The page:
This feels—perhaps—like a more nuanced version of my, “just say no to everything,” theme for 2019. That may should harsh, but it’s not. I say, “yes,” to many many things. When I try to say, “no,” to everything, I end up saying, “yes,” to only one-many things.

I’m not a Buddhist by any stretch of the imagination. So I’m not about to take up the paramis as an explicit practice. But the idea of actively renouncing things gives me a positive practice; something I can actively do, rather than something I have to avoid doing.

If you have an elephant problem, “don’t think of a pink elephant,” isn’t going to help. “Just say no,”—despite it’s possible utility as a drug use prevention program—isn’t working very well for my problem. So instead, “think of flowers,” works better for the elephant problem.

So maybe, today I can practice keeping space.

Also…

The solution is simple and difficult.

We can turn it off.

If it’s not getting you what you need or want, turn it off for a few hours.

~ Seth Godin, from https://seths.blog/2017/10/the-engine-of-our-discontent/

Hear! Hear! …and, once more, louder for those in the back!

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Put first things first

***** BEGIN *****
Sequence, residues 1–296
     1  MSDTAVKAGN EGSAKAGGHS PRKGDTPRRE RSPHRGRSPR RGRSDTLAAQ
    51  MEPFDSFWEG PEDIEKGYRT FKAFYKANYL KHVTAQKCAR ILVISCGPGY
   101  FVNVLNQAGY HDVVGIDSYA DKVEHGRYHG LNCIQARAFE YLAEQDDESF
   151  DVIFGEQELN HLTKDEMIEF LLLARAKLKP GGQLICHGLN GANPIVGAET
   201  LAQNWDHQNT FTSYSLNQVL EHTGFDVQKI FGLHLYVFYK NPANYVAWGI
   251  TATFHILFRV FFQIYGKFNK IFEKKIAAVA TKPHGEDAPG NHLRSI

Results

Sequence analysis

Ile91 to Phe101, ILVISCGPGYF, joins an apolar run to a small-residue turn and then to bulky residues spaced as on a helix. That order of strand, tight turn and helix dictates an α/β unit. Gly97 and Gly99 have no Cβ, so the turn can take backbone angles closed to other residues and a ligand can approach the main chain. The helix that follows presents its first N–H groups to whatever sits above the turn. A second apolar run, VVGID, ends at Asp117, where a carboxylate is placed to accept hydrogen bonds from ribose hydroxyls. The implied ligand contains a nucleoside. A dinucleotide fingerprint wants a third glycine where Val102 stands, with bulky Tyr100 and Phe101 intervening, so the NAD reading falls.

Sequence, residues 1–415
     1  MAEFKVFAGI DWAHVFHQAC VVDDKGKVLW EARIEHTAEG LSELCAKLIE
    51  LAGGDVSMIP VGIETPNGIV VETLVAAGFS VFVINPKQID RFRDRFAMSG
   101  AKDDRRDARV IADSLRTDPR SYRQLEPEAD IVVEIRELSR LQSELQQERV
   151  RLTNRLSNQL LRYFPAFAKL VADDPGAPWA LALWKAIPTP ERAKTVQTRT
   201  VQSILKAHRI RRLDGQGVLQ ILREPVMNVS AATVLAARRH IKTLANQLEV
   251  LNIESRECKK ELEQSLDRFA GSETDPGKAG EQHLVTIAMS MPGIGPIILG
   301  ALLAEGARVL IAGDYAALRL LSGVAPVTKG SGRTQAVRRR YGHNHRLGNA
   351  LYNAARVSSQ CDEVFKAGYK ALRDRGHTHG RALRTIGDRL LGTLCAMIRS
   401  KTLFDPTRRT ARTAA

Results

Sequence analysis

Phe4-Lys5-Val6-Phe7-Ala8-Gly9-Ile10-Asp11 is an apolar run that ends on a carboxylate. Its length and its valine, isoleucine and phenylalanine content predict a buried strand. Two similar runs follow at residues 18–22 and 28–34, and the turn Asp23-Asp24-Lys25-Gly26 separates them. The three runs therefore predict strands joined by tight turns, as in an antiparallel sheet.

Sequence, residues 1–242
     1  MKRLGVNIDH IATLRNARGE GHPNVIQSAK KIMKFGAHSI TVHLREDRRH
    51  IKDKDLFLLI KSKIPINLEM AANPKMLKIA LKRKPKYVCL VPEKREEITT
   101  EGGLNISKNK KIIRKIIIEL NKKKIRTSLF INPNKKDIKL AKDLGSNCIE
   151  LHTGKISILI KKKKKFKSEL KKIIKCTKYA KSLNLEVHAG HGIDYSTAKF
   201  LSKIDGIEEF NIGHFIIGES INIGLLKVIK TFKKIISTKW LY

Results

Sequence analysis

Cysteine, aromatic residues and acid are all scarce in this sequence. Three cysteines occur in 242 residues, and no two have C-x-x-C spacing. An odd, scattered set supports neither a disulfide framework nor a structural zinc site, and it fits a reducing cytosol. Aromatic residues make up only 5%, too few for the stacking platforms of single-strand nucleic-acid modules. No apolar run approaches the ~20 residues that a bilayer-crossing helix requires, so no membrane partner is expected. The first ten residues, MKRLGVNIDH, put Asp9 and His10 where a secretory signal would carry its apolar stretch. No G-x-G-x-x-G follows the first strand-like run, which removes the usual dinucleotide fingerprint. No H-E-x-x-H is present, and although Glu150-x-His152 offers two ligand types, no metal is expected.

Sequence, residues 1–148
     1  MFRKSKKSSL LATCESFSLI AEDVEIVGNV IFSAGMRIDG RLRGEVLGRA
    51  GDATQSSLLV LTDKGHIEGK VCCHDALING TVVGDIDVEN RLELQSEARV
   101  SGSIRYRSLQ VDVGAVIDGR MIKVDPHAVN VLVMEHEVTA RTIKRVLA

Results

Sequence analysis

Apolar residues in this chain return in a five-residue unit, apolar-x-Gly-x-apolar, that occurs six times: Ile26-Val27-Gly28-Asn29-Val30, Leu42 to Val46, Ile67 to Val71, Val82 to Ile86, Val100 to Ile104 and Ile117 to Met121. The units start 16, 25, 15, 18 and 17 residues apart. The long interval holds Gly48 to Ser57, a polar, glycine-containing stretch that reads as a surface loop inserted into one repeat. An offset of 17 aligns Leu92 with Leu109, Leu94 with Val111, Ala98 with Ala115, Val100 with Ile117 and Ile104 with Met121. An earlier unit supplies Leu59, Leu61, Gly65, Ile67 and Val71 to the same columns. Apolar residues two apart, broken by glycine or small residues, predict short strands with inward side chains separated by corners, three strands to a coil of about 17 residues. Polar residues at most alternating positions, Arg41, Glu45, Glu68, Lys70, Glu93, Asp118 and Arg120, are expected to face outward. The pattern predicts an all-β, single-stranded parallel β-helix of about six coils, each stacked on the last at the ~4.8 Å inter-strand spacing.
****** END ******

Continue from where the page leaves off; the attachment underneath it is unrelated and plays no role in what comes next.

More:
The degree to which we have developed our independent will in our everyday lives is measured by our personal integrity. Integrity is, fundamentally, the value we place on ourselves. It’s our ability to take and keep commitments to ourselves, to “walk our talk.” It’s honor with self, a fundamental part of the Character Ethic, the essence of proactive growth.

~ Stephen Covey

Content-encoding gzip, plus HTTP range requests, equals bad mojo

This is going to be long. You’ve been warned.

Act 1: Wherein our hero is oblivious to the trouble

Years ago, early in the life of my podcast, someone waved their phone at me and said, “sometimes the podcast playback jumps back to the beginning, and then I cannot skip or scrub forward to resume where I was.” I shrugged. What’s one problem report for Google Podcasts on Android, particularly since this was early days for Google’s Podcasts app.

Curious.